Background Studies indicate that the risk of shoulder injury in rugby union football is high and that the tackle is a leading cause of shoulder injury. Qualitative video analysis of the game events in rugby, such as the tackle, can provide important insights into the causes of injury and injury prevention.
Objective To describe shoulder injury mechanisms in rugby union football using a qualitative video analysis protocol.
Design A case control study design was applied using shoulder injury and other/no-injury cases collected prospectively from Super 14 matches between 2006 and 2008. A qualitative video analysis method was applied to code skill performance and injury risk factors.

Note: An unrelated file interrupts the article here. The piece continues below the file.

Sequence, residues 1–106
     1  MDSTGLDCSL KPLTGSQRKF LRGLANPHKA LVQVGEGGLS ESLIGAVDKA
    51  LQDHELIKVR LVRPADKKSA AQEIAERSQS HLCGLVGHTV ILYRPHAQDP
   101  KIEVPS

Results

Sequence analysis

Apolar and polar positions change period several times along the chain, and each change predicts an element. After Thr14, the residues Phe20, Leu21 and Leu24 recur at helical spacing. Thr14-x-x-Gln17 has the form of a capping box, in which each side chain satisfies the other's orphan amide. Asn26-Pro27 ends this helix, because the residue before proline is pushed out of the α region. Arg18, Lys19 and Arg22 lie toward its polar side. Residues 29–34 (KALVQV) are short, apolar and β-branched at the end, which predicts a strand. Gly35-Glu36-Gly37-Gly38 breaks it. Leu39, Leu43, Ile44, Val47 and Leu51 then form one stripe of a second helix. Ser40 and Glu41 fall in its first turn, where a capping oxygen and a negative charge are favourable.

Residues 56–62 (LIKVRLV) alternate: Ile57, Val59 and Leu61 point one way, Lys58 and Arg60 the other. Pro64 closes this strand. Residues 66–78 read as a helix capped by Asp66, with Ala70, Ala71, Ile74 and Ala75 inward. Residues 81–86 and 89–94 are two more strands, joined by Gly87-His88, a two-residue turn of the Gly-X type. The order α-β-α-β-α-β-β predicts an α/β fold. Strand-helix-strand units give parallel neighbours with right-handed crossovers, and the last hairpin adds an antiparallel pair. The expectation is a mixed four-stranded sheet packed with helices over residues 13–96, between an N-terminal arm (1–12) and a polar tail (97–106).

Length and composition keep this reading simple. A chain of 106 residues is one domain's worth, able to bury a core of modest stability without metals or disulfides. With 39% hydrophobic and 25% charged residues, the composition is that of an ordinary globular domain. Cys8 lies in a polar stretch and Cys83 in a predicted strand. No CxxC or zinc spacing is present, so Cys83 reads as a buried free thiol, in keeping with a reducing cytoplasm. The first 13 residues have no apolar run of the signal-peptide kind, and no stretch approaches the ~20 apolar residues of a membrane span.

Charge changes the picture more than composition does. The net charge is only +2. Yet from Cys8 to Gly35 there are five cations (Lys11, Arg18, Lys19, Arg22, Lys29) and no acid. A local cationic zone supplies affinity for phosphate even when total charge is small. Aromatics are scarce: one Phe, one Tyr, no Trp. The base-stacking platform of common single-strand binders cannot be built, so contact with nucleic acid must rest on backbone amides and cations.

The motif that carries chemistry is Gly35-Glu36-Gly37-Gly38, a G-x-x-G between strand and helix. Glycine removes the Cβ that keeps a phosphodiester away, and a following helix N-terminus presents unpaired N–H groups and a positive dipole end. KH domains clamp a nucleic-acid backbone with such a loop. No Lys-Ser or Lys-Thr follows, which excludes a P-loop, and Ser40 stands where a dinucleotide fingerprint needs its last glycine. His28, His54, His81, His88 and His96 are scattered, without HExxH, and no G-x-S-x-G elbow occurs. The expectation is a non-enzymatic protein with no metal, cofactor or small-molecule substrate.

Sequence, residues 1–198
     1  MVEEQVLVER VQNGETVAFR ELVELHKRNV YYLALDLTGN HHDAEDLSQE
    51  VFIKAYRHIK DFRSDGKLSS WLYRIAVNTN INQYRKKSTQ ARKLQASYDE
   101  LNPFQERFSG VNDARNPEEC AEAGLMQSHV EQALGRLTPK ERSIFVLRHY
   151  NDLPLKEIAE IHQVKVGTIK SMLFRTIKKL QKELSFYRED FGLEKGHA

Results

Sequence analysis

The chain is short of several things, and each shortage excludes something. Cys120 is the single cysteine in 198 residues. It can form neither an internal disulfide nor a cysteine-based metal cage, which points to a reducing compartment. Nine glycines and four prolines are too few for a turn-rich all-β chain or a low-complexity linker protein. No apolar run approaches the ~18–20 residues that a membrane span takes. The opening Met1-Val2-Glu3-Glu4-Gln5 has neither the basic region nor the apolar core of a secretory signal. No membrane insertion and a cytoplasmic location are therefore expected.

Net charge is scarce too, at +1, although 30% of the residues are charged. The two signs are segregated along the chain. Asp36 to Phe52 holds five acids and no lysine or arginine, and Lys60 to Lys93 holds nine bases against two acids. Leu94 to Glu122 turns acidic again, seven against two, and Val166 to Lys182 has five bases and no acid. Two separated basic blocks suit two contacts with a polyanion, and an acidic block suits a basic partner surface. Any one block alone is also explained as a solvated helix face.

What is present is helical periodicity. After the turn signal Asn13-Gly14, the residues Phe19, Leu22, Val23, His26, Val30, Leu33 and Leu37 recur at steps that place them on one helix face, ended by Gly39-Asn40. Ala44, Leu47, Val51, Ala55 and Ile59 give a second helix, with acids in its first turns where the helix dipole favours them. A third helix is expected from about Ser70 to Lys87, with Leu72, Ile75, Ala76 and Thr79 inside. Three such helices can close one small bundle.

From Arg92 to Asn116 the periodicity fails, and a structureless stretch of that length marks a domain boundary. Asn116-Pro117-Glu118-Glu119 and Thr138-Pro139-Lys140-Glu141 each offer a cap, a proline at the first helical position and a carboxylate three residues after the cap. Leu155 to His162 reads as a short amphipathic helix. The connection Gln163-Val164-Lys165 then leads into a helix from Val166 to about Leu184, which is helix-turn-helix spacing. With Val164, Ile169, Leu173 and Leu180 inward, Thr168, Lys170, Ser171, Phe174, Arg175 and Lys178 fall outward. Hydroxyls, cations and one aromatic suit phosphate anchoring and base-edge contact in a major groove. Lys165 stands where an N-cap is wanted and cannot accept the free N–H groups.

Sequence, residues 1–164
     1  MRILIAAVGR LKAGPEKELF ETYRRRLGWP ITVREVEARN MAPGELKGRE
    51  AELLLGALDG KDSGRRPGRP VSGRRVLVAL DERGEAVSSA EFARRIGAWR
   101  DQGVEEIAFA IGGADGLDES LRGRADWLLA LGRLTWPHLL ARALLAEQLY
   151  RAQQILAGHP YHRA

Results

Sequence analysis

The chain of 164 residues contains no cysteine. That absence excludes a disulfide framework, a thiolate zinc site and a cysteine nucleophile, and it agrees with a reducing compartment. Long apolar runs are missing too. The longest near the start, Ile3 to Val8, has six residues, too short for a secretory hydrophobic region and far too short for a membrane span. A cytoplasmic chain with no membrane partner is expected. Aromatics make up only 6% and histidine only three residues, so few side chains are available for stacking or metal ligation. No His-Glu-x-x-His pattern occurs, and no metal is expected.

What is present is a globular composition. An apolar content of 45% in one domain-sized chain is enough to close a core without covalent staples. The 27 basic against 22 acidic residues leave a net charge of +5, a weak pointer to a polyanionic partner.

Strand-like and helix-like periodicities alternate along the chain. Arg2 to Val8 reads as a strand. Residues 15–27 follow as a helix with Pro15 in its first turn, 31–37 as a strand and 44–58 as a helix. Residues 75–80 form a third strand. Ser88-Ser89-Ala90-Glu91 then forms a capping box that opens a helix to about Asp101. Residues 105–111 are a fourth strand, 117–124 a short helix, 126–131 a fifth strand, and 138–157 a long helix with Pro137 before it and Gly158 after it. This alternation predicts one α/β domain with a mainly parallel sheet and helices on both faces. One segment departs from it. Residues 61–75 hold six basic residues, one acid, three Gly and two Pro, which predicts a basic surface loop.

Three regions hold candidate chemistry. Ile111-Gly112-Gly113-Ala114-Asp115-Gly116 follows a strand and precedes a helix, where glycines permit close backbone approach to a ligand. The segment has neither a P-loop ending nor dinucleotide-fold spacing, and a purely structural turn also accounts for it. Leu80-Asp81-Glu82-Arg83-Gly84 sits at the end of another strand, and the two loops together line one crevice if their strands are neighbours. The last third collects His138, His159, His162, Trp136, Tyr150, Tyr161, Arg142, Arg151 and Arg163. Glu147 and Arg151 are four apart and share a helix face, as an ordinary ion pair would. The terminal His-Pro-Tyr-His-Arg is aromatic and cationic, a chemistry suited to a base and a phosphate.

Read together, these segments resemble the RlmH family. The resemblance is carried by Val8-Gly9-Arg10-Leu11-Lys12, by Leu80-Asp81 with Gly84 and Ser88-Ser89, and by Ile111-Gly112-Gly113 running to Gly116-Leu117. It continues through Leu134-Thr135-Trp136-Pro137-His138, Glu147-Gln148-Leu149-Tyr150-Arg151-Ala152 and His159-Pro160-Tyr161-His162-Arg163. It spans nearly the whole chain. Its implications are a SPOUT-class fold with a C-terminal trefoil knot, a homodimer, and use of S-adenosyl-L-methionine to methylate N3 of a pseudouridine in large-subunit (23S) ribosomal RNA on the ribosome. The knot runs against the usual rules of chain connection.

Setting Professional provincial rugby competition (Super 14 competition) between 2006 and 2008.
Participants Professional Australian male rugby players.
Assessment of risk factors The analysis focused on the identification of shoulder loading patterns, either direct or indirect (eg, loading of the hand or arm). The characteristics were compared to an existing dataset in a case-control framework.
Main outcome measurements OR for skill and specific injury risk factors were calculated.
Results Two main shoulder injury mechanisms were (1) falling on an outstretched hand during a tackle and (2) direct impact to the tip of the shoulder during a tackle causing injuries to the glenohumeral joint and the acromioclavicular joint.
Conclusion The results provided valuable information in understanding the mechanism of shoulder injuries in rugby union football. Improvements in shoulder padding and tackle skills, for both the ball carrier and tackler, are required to reduce the incidence of shoulder injury.
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